It wasn’t this time. For same-sex couples in China, the arrival of the new Civil Code represents a missed opportunity. The lack of recognition of same-sex union was frustrating – but it wasn’t surprising.
The First Civil Code of the People’s Republic of China entered into force on January 1. He consolidated the existing legislation and brought new ones. Without breaking taboos, however.
At the stage of public consultation, the draft Civil Code received around 1 million suggestions from more than 400,000 people – a high number even by Chinese standards.
The recognition of same-sex marriage was one of the most recurrent proposals of the population, according to the authorities themselves.
What is surprising, however, is the fact that authorities have drawn attention to this popular endorsement. More than a consolation prize, it signals a small change in attitude towards homosexuality, considered until 2001 as a psychiatric disorder in China.
In the new Civil Code, a novelty linked to divorce has sparked controversy: after filing, the application now only advances after 30 days. For the authorities, a deadline to avoid rash decisions.
For networks, more than anything harmless, delays increase the risk for women subjected to domestic violence. But the so-called “payback” remained.
In the same vein, the code does not explain – despite the suggestions – the right of single women to have children. While there will still be single mothers in China, the legislation, it is argued, could reduce stigma and increase protection for single-parent families. It wasn’t this time either.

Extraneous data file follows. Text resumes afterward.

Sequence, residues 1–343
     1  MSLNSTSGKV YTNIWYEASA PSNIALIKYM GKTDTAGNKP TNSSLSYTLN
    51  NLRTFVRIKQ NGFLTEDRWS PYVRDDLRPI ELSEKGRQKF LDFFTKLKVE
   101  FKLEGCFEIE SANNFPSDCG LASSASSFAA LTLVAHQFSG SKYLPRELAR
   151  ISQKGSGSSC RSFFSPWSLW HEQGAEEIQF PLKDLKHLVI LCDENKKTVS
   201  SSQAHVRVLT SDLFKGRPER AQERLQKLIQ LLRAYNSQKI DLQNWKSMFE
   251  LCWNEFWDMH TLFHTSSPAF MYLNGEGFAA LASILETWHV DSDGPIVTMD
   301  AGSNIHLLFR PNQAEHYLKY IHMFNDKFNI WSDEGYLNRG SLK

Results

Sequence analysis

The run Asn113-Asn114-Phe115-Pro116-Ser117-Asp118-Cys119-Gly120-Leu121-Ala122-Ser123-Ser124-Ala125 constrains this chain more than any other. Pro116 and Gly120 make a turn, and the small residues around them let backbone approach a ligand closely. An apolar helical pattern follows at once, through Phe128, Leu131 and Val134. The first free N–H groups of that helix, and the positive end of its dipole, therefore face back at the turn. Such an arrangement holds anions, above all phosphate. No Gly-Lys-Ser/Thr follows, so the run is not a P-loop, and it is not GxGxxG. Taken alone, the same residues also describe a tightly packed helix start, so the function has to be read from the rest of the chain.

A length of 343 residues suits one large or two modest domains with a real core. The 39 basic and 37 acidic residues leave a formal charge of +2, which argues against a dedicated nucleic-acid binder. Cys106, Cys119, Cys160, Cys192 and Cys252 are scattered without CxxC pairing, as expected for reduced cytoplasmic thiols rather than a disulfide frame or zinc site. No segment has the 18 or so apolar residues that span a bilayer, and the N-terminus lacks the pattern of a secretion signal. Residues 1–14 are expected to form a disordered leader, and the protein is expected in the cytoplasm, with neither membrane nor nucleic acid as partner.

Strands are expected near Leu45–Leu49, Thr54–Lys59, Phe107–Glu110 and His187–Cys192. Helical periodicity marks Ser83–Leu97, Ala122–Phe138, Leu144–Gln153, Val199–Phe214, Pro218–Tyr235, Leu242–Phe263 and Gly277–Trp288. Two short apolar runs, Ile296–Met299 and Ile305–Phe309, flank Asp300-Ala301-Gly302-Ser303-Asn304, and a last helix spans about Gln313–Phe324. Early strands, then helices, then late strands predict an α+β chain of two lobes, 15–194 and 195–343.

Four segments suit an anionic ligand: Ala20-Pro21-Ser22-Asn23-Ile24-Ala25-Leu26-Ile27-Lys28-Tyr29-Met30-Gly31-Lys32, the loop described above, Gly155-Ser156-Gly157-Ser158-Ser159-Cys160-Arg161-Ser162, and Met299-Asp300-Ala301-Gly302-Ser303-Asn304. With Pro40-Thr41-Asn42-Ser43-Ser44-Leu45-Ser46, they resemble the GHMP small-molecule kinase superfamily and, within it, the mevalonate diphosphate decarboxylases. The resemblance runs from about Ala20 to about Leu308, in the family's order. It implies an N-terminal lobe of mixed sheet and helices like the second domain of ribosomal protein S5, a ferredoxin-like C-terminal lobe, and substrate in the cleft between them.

Another proposal that ended up failing would be to discipline children’s last names in the event of a parent’s divorce. In China, it is customary to have only the father’s last name.
The idea would be to allow children to adopt the name of the one who had custody after the divorce – in practice, the mother, also because otherwise the rule would be pointless. But he won the argument that changing a last name would be complicated.
When it comes to family law, the balance is largely in favor of the Conservatives at the expense of the Reformists. Traditional and patriarchal values prevailed in the new code. And experience harmony and stability.
In this context, it seems almost a miracle to enforce the rules on sexual harassment. Under the new code, companies have an obligation to ensure a safe working environment and, most importantly, they can be held responsible in the event of harassment.
Called the Encyclopedia of Social Life, the Civil Code, in its 1,260 articles, also covers topics such as property, contracts and civil liability. Includes news regarding privacy and personal data protection.
The so-called encyclopedia is a victory for the current rulers of the country. Over the past decades, there have been four failed attempts to adopt a civil code.
It’s no surprise that the new code is being touted as a symbol of China’s legal modernization. To a large extent, it is. However, some who saw it as a missed opportunity find ways to get around their issues in creative ways.
Same-sex couples have taken advantage of a loophole in a law designed to protect the elderly and have started naming their partners as legal guardians. Thus, they mutually guarantee certain rights in the event of death or disability.
If the authorities seem to turn a blind eye to the new guardians, legal recognition of same-sex marriage would be too modern. In China, too, society is changing faster than the law. Here too, when this is the case, a route is sought.
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